The video recording will be available soon!
At this salon, Christina Olivares read from her forthcoming poetry collection Ungovernable (2021), and led participants through three writing exercises to help explore how we might articulate the smallest traces of memory in new poems, and how we might think about writing sequences of small poems to articulate larger memories. We use all of our senses, associations, dreamscapes, fantasies and validate the fragments that arise to power our poems. Memory lends itself beautifully to storytelling that breaks rules—because memory doesn’t always appear in a linear way, sometimes details are rubbed out, amplified or replaced altogether—and poetry gives us the flexibility we need to dive in, play with language and make new meaning of what matters most to us.
Choose one of the spaces from your list and draw/map the space on the page. Then, write couplets speaking back to that space.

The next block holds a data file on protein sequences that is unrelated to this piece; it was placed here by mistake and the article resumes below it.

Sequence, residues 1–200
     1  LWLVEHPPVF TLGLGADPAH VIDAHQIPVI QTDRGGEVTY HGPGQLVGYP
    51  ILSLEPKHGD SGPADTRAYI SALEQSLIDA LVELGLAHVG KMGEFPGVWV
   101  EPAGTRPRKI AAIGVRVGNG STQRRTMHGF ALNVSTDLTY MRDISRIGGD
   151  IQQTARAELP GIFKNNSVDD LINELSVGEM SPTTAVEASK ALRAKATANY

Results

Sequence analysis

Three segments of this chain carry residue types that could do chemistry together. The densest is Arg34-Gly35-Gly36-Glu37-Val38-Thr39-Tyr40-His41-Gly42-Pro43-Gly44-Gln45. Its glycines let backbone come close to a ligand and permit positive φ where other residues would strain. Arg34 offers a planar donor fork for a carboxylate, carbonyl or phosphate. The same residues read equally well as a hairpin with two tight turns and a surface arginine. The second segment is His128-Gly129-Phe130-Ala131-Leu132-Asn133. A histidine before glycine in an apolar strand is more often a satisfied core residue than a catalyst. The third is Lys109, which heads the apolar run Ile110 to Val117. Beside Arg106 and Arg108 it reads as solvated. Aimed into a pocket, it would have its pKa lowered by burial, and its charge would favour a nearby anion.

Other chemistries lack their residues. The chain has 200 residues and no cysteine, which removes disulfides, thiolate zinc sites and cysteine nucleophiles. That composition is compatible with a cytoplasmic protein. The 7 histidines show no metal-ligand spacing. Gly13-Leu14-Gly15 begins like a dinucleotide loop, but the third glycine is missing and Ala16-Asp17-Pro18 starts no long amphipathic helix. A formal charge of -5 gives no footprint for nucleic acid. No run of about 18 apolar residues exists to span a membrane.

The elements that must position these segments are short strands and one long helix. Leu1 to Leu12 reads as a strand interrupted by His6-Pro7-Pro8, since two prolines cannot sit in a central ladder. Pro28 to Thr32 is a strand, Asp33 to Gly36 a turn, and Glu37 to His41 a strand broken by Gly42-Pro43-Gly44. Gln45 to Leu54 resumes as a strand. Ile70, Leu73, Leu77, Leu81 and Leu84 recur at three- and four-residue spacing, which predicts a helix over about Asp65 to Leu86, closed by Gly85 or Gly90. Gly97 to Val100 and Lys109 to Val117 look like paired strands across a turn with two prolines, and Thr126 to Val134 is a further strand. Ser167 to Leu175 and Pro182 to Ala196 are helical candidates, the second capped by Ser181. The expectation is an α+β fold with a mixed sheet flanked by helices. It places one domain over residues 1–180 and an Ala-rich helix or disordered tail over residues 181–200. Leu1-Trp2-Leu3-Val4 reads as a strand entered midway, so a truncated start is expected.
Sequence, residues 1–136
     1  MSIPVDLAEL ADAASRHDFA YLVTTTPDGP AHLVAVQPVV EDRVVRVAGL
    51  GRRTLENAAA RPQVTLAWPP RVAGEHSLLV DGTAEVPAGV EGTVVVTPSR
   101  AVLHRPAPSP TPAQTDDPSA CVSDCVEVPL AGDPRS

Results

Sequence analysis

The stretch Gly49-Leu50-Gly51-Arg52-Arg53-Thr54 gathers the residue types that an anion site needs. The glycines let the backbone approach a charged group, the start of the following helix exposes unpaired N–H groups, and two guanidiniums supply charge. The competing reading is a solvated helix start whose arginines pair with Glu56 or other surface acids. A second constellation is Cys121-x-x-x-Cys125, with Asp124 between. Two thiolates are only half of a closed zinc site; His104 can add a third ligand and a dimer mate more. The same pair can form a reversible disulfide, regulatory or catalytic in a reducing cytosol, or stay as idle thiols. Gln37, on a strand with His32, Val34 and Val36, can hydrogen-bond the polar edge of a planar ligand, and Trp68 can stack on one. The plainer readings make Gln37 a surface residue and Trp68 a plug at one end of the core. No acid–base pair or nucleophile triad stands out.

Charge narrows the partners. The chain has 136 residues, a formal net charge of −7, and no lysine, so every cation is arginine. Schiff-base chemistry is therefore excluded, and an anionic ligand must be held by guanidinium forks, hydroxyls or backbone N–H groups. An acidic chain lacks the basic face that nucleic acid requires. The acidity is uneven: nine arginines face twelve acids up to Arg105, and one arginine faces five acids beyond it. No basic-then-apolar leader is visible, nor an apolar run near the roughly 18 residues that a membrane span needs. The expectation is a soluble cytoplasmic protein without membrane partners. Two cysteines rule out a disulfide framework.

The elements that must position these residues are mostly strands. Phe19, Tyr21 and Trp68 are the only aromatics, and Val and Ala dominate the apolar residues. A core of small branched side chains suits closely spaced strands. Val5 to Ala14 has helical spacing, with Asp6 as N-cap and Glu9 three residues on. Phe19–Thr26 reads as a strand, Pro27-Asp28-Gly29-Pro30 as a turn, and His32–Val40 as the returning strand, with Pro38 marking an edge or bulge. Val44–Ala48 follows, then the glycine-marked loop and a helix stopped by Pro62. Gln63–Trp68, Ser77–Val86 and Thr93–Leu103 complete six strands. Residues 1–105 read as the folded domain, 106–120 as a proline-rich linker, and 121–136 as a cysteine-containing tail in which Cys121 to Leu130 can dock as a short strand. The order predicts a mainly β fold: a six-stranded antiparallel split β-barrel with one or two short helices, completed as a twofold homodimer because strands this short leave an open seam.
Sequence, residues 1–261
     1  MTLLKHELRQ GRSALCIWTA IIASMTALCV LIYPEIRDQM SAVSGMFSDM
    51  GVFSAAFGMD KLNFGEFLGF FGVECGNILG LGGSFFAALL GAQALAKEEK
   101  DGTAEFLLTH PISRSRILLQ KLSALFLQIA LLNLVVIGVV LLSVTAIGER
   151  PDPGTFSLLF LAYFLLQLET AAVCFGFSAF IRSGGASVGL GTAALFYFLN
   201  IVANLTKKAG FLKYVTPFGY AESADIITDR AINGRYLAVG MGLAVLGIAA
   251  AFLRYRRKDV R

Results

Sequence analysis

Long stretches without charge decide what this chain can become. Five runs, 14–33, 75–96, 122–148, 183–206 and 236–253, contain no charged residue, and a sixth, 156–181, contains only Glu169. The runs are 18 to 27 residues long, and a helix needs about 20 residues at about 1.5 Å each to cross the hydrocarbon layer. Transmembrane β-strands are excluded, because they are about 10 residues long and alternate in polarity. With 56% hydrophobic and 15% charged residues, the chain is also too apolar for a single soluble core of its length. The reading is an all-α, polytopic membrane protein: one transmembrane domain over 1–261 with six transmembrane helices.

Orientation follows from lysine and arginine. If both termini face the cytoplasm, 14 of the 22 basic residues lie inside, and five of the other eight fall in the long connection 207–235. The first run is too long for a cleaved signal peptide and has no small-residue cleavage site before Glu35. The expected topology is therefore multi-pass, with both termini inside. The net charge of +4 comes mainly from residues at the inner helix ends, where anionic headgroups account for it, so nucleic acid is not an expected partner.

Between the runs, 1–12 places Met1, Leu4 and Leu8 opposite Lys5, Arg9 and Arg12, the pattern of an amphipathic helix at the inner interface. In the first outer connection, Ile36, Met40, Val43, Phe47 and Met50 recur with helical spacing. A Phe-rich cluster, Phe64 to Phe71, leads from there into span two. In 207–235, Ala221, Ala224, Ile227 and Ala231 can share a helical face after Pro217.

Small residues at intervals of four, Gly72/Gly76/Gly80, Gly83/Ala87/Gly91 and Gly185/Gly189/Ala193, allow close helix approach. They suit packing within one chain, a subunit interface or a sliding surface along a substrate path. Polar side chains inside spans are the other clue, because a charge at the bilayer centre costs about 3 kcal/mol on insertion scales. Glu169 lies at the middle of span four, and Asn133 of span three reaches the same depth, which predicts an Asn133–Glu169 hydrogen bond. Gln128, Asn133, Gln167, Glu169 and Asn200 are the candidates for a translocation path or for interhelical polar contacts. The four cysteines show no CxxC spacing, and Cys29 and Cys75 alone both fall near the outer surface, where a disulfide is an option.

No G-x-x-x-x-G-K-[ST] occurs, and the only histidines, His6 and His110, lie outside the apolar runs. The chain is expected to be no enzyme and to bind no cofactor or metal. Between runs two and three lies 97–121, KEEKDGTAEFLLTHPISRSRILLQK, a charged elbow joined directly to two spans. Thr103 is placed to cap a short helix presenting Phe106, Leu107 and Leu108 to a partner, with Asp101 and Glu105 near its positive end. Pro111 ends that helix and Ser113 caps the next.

Using the same space from before or a different space, imagine yourself free and the people around you free, now walk into the space…
Take anything that you’ve written and be intentional about the placement on the page.
Christina Olivares is the author of Ungovernable (YesYes Books, forthcoming 2021), No Map of the Earth Includes Stars, winner of the 2014 Marsh Hawk Press Book Prize, and the chaplet Interrupt (Belladonna* Collaborative, 2015). Olivares is the recipient of a BRIO Nonfiction Grant, a Lower Manhattan Cultural Council Residency and two Jerome Foundation Travel and Study Grants. In 2019, Olivares was an inaugural AAWW Witness Fellow. Her work has been published widely (including, most recently, in The Rumpus, Aster(ix) and by The Academy of American Poets). Olivares has taught as a visiting professor at the Rutgers-Newark MFA poetry program. She earned her undergraduate degree at Amherst College in interdisciplinary studies in education, an MFA in poetry at CUNY Brooklyn College and is pursing a PhD in English Education at Columbia University. She has worked widely throughout New York City as a youth worker, college counselor, teacher and administrator. She is a poverty and prison abolitionist and queer, mixed American-Cuban from the Bronx in NYC.